Exploiting a security vulnerability in the videoconferencing application, cybercriminals could use fraudulent invitations to deceive their victims. Experts say this threat has already been averted, but it is worth paying attention to.
Zoom has announced that it has fixed a serious security flaw that allowed hackers to distribute corporate invitations to online meetings that appear to be authentic. The problem was discovered by CheckPoint in an additional feature of Zoom, which allows companies to create a so-called Vanity URL, which is a zoom subdomain containing the company name, and include it in conference invitations.
Hackers abusing this option have modified the authentic, registered Vanity URL (e.g. http: //companyname.zoom.com) to include a direct link to an appointment, and if the victim has dropped a fake invitation, their device may be harmful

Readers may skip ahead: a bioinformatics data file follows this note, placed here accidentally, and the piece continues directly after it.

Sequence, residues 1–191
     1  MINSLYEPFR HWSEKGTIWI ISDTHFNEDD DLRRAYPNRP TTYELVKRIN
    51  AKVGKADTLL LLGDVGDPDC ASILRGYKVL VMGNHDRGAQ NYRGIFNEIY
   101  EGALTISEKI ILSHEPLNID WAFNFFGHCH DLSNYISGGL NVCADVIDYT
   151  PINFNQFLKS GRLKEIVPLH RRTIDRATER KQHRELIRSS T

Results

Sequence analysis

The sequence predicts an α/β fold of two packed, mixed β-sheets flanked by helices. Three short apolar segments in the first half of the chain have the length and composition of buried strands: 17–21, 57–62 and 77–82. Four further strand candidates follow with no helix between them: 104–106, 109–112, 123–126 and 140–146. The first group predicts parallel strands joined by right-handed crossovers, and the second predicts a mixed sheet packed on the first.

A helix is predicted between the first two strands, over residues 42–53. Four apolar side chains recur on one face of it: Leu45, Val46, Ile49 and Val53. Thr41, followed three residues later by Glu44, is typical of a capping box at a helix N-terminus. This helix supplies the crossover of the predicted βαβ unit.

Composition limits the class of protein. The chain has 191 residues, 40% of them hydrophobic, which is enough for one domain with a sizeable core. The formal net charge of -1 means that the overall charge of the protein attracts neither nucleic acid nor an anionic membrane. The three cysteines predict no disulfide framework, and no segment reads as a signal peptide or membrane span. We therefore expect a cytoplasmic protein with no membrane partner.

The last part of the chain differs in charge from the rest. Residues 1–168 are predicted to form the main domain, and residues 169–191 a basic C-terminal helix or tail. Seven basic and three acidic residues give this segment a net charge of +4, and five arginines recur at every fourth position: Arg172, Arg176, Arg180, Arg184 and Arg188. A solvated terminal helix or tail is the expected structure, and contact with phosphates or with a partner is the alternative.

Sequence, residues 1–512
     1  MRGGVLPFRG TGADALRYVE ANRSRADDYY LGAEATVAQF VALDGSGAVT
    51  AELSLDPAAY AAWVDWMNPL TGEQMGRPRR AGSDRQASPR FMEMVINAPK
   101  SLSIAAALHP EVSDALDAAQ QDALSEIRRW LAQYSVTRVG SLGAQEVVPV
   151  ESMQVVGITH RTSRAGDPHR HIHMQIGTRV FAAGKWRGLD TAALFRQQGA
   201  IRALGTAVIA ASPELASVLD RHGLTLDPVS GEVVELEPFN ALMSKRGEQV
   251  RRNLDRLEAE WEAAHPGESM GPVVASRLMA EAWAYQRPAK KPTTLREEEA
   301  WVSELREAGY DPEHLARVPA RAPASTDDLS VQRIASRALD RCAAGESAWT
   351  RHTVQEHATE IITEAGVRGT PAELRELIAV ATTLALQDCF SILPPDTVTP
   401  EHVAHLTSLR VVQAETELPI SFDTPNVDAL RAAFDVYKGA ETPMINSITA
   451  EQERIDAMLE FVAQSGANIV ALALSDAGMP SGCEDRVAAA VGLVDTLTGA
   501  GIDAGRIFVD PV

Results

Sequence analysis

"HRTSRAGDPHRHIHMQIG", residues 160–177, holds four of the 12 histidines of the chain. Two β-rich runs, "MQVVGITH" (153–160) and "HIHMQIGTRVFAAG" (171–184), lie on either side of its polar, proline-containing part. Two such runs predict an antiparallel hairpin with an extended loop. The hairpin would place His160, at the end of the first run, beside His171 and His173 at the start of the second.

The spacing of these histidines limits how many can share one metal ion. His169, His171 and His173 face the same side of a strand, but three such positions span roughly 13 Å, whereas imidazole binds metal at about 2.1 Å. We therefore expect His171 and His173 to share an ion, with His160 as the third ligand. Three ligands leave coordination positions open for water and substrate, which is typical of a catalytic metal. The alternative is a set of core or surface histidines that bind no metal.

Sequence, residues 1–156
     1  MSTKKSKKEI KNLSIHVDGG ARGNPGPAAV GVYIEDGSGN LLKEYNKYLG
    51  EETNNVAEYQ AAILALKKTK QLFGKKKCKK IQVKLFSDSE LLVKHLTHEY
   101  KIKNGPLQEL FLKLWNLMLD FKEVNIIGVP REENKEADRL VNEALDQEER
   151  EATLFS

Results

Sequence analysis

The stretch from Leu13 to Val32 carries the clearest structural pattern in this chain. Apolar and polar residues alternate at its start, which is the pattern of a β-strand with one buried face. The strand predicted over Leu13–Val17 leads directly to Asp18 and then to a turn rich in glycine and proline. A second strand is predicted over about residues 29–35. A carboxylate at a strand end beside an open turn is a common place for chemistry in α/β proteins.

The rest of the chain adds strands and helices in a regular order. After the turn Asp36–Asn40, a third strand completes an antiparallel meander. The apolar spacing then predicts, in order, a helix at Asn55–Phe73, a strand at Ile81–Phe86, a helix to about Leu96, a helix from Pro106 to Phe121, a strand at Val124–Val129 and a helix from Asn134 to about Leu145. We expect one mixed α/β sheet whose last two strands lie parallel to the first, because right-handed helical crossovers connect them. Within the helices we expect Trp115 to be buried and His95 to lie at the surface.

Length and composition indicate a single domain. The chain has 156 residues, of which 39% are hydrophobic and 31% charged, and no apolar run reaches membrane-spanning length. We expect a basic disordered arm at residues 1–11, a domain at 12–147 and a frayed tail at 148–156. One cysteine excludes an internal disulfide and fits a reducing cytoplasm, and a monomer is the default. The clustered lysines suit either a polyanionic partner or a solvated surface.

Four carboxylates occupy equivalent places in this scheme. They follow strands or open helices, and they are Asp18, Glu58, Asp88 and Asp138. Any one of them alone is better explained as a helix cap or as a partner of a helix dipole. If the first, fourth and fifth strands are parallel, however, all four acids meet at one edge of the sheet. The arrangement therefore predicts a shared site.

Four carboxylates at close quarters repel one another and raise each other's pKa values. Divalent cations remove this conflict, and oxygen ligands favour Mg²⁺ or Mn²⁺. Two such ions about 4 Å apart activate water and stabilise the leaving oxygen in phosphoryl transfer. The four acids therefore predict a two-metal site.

Despite the fact that the current loophole has been sewn in, security experts warn that we should double-check whether a sudden invitation is real. It may be a bit of a joke or a chore, of course, to ask, “Boss, are we really going to have a Zoom meeting at two o’clock tomorrow?”
The popularity of Zoom has skyrocketed in the wake of the coronavirus epidemic: while only about ten million people attended zoom meetings a day in December, 300 million “zoomed in” daily in April.
From a security point of view, however, the service has been widely criticized from the outset. The company has failed to patch the vulnerabilities in recent months and has also set up a separate body to deal with security issues. In addition, it has announced the introduction of full end-to-end encryption (E2EE) to protect video chats. Initially, they wanted to provide this service only to paid customers, but due to the high pressure, it was decided that all users would receive increased protection.